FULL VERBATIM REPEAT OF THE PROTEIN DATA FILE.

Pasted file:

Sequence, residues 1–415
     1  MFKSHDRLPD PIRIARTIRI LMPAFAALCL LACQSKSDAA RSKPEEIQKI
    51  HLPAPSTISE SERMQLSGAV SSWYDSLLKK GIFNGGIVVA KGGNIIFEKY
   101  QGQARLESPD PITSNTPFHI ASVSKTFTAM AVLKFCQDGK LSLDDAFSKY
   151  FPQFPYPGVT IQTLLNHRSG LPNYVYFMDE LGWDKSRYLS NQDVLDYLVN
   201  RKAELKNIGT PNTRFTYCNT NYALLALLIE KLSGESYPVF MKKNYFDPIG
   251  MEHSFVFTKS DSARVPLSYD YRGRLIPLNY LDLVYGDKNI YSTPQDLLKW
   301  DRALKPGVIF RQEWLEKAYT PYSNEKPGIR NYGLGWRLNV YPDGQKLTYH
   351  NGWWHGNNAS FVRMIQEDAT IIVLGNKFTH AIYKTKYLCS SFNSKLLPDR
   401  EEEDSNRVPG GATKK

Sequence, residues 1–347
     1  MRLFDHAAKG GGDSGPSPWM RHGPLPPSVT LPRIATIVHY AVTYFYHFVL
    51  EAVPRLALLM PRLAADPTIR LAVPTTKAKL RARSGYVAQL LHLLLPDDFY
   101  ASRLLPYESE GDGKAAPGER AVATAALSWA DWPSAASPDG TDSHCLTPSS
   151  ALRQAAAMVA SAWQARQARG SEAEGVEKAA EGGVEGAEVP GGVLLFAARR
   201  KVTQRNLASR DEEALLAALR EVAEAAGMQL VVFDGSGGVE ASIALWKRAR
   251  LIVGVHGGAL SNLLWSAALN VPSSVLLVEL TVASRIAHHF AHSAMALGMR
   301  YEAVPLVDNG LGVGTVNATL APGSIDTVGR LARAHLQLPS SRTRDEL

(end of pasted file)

Sequence, residues 1–415
     1  MFKSHDRLPD PIRIARTIRI LMPAFAALCL LACQSKSDAA RSKPEEIQKI
    51  HLPAPSTISE SERMQLSGAV SSWYDSLLKK GIFNGGIVVA KGGNIIFEKY
   101  QGQARLESPD PITSNTPFHI ASVSKTFTAM AVLKFCQDGK LSLDDAFSKY
   151  FPQFPYPGVT IQTLLNHRSG LPNYVYFMDE LGWDKSRYLS NQDVLDYLVN
   201  RKAELKNIGT PNTRFTYCNT NYALLALLIE KLSGESYPVF MKKNYFDPIG
   251  MEHSFVFTKS DSARVPLSYD YRGRLIPLNY LDLVYGDKNI YSTPQDLLKW
   301  DRALKPGVIF RQEWLEKAYT PYSNEKPGIR NYGLGWRLNV YPDGQKLTYH
   351  NGWWHGNNAS FVRMIQEDAT IIVLGNKFTH AIYKTKYLCS SFNSKLLPDR
   401  EEEDSNRVPG GATKK

Sequence, residues 1–347
     1  MRLFDHAAKG GGDSGPSPWM RHGPLPPSVT LPRIATIVHY AVTYFYHFVL
    51  EAVPRLALLM PRLAADPTIR LAVPTTKAKL RARSGYVAQL LHLLLPDDFY
   101  ASRLLPYESE GDGKAAPGER AVATAALSWA DWPSAASPDG TDSHCLTPSS
   151  ALRQAAAMVA SAWQARQARG SEAEGVEKAA EGGVEGAEVP GGVLLFAARR
   201  KVTQRNLASR DEEALLAALR EVAEAAGMQL VVFDGSGGVE ASIALWKRAR
   251  LIVGVHGGAL SNLLWSAALN VPSSVLLVEL TVASRIAHHF AHSAMALGMR
   301  YEAVPLVDNG LGVGTVNATL APGSIDTVGR LARAHLQLPS SRTRDEL